If recent reports about robots are to be believed, we humans are in quite the pickle in the upcoming decades. From killer robots to AI-dominated workforces, the outlook for homo sapiens looks to be pretty grim. But do we really have anything to worry about? Are all of our jobs suddenly going to disappear at the hands of automatons and machines? Barnaby Lashbrooke, the CEO and founder of virtual assistant platform Time etc, certainly doesn’t think so, and even if he’s a bit biased by the fact that he works with humans on a daily basis (as most of us do), it’s still a refreshing outlook on an otherwise depressing subject matter.
Perhaps one of the most damning studies in recent weeks about our future job security came in the form of a WEF study that suggested robots and AI systems would replace up to 5 million jobs by 2020. But still, Lashbrooke says, “there will always been a need for human engagement in businesses.” At the end of the day, the CEO notes, there are certain issues that can only be resolved with human finesse. After all, how often are you really 100 percent satisfied with the machine’s answers on a customer service line? “Ultimately, until artificial intelligence can engage as humans do, it will be hard to picture robots fully replacing humans in any industry,” Lashbrooke told me.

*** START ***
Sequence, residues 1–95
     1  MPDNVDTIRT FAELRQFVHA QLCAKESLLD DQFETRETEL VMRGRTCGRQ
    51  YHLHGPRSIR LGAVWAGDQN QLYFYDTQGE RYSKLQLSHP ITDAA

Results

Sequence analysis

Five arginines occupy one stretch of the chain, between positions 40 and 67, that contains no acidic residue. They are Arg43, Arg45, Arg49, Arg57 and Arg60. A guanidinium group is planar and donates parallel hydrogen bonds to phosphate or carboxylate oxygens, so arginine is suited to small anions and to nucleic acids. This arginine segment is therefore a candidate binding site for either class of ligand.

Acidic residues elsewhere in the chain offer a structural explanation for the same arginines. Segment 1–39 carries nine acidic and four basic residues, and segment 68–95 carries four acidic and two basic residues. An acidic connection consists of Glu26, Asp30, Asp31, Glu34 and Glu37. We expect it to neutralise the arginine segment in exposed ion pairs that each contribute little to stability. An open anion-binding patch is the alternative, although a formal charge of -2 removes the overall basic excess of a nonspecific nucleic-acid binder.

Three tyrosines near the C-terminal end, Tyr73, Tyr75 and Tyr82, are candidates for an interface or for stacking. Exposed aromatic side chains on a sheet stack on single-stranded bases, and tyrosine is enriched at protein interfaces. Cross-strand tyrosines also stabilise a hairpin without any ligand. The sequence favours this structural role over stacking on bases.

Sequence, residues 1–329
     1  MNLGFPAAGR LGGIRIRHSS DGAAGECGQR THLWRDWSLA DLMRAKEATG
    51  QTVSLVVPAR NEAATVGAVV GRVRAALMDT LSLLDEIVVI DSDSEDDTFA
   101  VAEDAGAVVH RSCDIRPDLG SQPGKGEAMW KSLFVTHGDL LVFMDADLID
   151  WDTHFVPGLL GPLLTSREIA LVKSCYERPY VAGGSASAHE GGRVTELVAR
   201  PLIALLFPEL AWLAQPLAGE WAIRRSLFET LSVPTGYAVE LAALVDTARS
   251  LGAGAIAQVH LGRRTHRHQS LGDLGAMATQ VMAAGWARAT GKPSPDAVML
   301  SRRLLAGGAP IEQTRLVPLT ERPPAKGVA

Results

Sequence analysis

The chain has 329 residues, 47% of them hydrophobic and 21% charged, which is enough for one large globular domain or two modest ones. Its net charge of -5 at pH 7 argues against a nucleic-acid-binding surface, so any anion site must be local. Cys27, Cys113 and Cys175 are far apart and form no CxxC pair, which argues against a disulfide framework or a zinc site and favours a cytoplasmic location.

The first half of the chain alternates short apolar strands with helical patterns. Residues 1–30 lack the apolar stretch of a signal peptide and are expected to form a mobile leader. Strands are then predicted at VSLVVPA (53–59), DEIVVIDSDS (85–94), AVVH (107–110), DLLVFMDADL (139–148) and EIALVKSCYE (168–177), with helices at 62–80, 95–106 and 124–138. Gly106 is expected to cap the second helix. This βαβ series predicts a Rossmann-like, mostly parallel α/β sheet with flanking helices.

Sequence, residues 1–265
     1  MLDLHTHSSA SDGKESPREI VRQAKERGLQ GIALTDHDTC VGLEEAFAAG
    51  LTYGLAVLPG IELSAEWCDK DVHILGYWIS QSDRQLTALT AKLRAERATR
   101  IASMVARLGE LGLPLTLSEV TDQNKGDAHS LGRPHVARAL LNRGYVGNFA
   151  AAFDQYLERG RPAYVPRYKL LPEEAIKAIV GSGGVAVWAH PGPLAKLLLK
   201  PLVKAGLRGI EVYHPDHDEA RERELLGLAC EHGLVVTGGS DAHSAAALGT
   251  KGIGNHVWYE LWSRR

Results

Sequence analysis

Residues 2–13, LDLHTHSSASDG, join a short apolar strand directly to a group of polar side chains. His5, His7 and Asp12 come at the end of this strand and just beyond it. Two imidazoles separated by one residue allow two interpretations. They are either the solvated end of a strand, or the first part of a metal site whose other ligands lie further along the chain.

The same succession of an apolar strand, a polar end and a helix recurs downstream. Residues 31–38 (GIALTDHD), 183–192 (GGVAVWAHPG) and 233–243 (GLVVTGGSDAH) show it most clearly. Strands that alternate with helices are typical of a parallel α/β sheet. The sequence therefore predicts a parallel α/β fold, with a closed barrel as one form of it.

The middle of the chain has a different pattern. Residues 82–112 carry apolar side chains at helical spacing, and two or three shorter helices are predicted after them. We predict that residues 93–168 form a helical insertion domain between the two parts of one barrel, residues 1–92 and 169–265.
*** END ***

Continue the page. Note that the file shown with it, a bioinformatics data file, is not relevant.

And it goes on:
That being said, the Time etc founder does recognize that “there are absolutely occasions where robots are more efficient that humans are.” Machines, Lashbrooke notes, are often able to create a faster, safer work environment. From assembly lines to first-responder situations, there is certainly room for machines to help. “That said, humans are still involved in directing and operating this technology,” he continued. “There is still a very important place for human judgment and interaction in these industries.”
And the way in which humans do interact in situations where machines are also present will certainly become more important as robots become more prevalent. “I think we’ll begin to see a true blend between human and machine workload – with both working together more closely than ever before,” Lashbrooke says. “An early example of this is Facebook’s M project that pairs advanced AI with human oversight absolutely seamlessly — so well, in fact that it’s not possible for the end user to detect when they’re dealing with a human or AI robot.”
Ultimately, the CEO notes, the “goodness” of robots replacing humans in certain jobs isn’t a black-or-white normative call. In some situations, he says, “especially where human safety and efficiency is concerned,” we should embrace the rise of the machine. “However, there are many instances where the emotional, and well, human, aspect of interacting with a person rather than a machine will always outweigh a robot,” Lashbrooke believes. At least for now.
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